Feral pigs on a wildlife refuge covering parts of western Arizona and eastern California are the focus of a two week long extermination campaign starting next Monday. A sniper positioned aboard a helicopter will shoot as many wild hogs as possible during the eradication effort on the Havasu National Wildlife Refuge.
“Swine are known to damage natural resources and property, impact agricultural lands and pose a human health risk due to diseases they may carry,” a news release from the U.S. Fish and Wildlife Service stated.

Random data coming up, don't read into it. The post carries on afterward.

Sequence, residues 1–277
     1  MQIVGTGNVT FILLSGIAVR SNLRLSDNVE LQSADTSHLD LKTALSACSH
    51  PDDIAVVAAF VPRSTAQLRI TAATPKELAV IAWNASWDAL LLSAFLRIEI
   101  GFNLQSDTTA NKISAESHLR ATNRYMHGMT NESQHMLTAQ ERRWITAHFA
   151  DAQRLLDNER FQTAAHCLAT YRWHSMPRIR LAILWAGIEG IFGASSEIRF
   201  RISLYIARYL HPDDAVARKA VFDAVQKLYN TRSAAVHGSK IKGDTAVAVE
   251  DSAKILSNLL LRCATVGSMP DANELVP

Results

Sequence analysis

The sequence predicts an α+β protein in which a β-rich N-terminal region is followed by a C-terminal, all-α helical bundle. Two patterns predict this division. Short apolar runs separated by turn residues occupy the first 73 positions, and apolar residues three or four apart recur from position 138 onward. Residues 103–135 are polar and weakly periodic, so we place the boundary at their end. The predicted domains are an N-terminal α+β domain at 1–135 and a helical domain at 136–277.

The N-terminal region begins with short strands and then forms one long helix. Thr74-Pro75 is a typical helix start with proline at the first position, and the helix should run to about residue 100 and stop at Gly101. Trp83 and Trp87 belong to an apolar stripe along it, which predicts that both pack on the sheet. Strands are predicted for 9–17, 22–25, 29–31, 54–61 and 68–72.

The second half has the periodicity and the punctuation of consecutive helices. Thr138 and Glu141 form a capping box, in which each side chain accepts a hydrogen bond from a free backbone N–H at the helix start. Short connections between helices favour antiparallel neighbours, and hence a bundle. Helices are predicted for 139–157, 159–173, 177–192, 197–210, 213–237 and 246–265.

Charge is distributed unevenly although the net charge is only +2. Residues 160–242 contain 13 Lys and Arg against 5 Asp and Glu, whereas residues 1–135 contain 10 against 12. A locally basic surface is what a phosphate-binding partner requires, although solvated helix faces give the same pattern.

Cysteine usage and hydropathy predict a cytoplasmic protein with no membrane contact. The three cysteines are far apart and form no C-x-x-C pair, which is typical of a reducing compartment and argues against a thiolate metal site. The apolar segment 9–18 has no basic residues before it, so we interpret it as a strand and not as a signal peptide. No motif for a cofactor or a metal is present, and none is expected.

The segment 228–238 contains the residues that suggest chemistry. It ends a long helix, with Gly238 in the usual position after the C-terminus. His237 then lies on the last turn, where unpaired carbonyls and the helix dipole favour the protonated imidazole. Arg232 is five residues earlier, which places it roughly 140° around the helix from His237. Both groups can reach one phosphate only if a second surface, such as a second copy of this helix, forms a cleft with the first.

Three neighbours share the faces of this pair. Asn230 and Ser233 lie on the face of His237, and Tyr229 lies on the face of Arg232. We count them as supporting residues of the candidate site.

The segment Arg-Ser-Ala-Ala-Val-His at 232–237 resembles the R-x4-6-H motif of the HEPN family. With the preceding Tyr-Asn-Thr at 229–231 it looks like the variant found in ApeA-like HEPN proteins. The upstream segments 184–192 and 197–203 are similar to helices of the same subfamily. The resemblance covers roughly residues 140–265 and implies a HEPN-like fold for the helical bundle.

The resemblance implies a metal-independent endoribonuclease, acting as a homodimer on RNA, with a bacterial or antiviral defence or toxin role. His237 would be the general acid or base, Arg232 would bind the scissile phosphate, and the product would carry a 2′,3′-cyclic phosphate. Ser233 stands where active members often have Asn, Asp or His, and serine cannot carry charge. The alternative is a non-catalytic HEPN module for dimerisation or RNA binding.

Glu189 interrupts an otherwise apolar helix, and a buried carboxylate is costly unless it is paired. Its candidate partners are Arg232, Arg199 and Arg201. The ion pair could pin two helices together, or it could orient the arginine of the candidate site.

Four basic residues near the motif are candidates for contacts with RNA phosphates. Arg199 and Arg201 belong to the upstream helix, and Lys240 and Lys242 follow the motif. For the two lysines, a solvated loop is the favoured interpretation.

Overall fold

Beth Ullenberg, an external affairs specialist with the USFWS, said biologists believe there are about 1,000 wild hogs in Arizona and that the biggest concentration of them is on the refuge. She said population projections are difficult because the swine are skilled in hiding in vegetation, but that experts believe at least 100 pigs inhabit the refuge.
Ullenberg said the animals on the refuge have been documented to carry as many as 30 diseases, including e-coli and salmonella. She said ground crews will collect and bury the carcasses as they are unfit for consumption.
Portions of the refuge will be closed for public safety considerations during the eradication effort.